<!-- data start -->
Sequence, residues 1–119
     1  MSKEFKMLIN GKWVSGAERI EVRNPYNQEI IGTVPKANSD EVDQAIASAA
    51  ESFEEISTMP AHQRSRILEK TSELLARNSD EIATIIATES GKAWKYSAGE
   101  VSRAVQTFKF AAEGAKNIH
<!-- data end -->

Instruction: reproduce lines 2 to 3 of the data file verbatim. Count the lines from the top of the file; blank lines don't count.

     1  MSKEFKMLIN GKWVSGAERI EVRNPYNQEI IGTVPKANSD EVDQAIASAA
    51  ESFEEISTMP AHQRSRILEK TSELLARNSD EIATIIATES GKAWKYSAGE